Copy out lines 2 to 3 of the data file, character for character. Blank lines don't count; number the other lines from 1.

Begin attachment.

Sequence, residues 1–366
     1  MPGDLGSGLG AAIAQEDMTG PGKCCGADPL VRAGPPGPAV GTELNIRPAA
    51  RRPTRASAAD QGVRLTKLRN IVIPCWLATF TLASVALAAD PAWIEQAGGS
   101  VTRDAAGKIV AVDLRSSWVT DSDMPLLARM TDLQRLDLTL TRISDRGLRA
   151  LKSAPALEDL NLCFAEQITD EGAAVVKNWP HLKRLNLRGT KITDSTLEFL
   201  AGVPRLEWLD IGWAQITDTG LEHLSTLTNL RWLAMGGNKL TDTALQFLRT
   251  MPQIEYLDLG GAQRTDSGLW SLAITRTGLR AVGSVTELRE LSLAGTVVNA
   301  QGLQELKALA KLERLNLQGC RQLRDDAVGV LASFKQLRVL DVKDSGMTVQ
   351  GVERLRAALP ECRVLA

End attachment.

     1  MPGDLGSGLG AAIAQEDMTG PGKCCGADPL VRAGPPGPAV GTELNIRPAA
    51  RRPTRASAAD QGVRLTKLRN IVIPCWLATF TLASVALAAD PAWIEQAGGS